Throughout “The Tomorrow War” the film hints some powerful themes of morality and finding meaning in one’s own life even with the impending reality of death. In terms of time travel it even explains that with each failed attempt to use soldiers of the past to fight in the future the Earth’s population is depleting, presenting two conflicts. The first is that the whole idea is to stop a war that destroys humanity, but does it really help to destroy humanity by sending them to the future and deplete the population themselves before the aliens even arrive in the past or are they only exacerbating the problem be destroying the fighting force that could have stopped the aliens before the future ever gets that bad? It’s a pretty cool conundrum and poses deeper questions than this film dares to answer sadly. The other conflict is presented through one character specifically, Edwin Hodge’s Dorian, who, like literally everyone sent to the future, knows they won’t live for the thirty years it takes for the world to fall, so he questions what’s the point? They’re fighting for a future they won’t get to see and if they succeed the future they’re fighting in won’t exist, so how much do you invest in it all? These could be considered powerful ideas for a sci-fi action flick to tackle if this movie was more committed to those nuances than the CGI action.
Sadly “The Tomorrow War” gets bogged down by a formulaic approach to a story that could have and should have been much more subtle and contemplative. Now, this kind of works well to the film’s advantage by creating a non-stop action extravaganza clearly built for the big screen. This movie rarely takes a breather but, to its credit, when it does it uses that time to explore the characters and how they are dealing with the impending apocalypse and the potential for failure. It’s thanks in large part to the cast that includes Pratt, Hodge, Yvonne Strahovski and Sam Richardson in the future as well as J.K. Simmons and Betty Gilpin in the past that these small moments of calm work so well despite being surrounded by chaos and CGI explosions. However, I would have liked to see the film explore its more nuanced themes and ideas more clearly. As it stands, director Chris McKay and writer Zach Dean take a more generic approach to “The Tomorrow War” using these more touching and human moments to provide a breather from the chaos rather than using the chaos to compliment the more human moments. In the end it does create an exciting and competently crafted action film but it’s one whose potential is overshadowed by a need to conform to genre cliches to give audiences more of what they want and not as much of what they need.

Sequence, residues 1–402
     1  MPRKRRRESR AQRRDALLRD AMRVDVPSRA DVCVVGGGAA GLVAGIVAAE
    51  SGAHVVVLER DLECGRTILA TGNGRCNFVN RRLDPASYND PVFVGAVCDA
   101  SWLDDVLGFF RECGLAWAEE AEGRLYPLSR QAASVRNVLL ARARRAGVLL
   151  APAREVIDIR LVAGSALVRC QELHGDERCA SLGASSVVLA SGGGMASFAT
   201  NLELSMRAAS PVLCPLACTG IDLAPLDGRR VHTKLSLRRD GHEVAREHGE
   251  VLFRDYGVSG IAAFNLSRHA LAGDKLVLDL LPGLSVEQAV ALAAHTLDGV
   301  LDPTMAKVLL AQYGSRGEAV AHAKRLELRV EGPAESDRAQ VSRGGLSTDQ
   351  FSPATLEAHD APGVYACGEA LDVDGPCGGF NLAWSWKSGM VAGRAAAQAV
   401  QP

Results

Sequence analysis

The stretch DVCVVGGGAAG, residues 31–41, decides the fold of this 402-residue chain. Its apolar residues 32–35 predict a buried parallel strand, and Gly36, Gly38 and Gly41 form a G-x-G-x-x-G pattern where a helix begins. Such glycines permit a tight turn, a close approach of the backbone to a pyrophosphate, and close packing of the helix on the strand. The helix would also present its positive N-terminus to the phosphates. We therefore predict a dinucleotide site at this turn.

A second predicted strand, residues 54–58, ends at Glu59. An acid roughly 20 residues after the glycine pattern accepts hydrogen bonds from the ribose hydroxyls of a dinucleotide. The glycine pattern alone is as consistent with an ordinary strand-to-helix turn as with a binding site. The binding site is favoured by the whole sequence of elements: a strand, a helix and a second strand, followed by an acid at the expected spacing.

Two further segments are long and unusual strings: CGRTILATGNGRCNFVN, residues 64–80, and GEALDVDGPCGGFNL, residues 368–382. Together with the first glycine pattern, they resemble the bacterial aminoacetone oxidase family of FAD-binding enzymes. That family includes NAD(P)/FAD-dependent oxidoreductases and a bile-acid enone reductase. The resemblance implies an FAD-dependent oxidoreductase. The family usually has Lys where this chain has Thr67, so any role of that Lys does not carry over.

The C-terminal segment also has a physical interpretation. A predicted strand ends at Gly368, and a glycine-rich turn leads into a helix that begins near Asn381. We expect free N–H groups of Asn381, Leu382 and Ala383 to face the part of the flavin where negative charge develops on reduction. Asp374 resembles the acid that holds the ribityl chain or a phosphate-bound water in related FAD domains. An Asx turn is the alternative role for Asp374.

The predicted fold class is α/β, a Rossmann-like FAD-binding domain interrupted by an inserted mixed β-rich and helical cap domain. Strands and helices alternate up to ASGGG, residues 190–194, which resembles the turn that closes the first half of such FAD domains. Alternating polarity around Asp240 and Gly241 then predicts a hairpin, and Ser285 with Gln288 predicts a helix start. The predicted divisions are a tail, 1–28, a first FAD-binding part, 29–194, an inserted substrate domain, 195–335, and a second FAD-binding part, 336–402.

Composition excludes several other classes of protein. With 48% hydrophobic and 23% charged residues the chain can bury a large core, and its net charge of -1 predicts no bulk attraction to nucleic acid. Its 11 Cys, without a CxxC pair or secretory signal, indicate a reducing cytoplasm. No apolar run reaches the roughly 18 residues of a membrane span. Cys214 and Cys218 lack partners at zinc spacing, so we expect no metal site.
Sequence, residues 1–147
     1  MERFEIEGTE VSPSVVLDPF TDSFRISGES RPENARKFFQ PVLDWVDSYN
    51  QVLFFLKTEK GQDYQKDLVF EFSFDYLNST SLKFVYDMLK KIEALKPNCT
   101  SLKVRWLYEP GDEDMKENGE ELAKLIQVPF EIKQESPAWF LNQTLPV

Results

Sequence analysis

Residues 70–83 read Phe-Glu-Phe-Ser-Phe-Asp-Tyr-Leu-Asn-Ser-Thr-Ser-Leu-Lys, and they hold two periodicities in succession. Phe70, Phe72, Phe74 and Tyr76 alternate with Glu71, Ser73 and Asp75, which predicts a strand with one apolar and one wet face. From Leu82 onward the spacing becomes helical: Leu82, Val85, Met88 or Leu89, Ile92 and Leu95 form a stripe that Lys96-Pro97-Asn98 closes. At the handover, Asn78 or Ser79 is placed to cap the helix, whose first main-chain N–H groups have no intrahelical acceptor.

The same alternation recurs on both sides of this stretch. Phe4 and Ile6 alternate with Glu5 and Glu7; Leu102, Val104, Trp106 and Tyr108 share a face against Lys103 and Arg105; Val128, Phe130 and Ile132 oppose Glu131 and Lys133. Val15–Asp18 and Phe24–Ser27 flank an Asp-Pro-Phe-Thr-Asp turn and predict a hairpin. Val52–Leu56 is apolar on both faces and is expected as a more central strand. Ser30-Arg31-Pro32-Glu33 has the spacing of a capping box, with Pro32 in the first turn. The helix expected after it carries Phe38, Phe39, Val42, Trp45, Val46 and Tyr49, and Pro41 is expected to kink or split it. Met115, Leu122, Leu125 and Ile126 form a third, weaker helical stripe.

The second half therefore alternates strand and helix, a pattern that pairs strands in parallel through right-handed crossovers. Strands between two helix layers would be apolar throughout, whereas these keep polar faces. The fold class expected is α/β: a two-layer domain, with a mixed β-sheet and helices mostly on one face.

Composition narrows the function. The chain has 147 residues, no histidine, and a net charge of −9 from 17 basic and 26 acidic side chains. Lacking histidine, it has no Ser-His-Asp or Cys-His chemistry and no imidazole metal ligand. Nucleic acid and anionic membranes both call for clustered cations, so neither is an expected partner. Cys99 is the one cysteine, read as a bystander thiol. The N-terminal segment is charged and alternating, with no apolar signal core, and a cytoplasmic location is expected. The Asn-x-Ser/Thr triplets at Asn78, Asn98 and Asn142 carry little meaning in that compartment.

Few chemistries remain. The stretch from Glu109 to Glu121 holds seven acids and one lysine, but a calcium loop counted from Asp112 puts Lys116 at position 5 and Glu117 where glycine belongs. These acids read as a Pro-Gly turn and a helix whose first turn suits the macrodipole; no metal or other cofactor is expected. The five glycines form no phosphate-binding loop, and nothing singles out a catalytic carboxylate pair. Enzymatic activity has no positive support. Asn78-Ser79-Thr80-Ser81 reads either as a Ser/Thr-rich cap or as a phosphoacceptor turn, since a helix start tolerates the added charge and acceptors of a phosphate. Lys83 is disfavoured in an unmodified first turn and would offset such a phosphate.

With all that said “The Tomorrow War” does feel like a missed opportunity to some extent. But I’ll admit compared to a lot of other films of its caliber this one offered enough to keep me fully invested, allow me to relate to and appreciate the characters, their relationships and their motives, and also lose myself in the action while understanding the stakes at hand. That’s a lot to handled and on the most basic level “The Tomorrow War” does it well, it just doesn’t go all the way and feels like a mishmash of all the best things from the past instead of driving the time-travel, alien, or action genres, let alone all of them combined, into a bright new future. Some committed performances, competent action direction and a splash of genuine heart help keep “The Tomorrow War” from feeling overly generic but not enough where I’ll remember it in the near future. Overall, I had a lot of fun with this movie and wouldn’t mind seeing it evolve into a television series or something like that. I think it feels tailor made for a medium that can better explore its deeper ideas more clearly and fully. But for now, this isn’t a bad movie. It’s just stuck with an identity crisis that sadly overshadows what makes it special with elements that make it more familiar resulting in an enjoyable one-off that’s far from memorable but still deserves to be seen.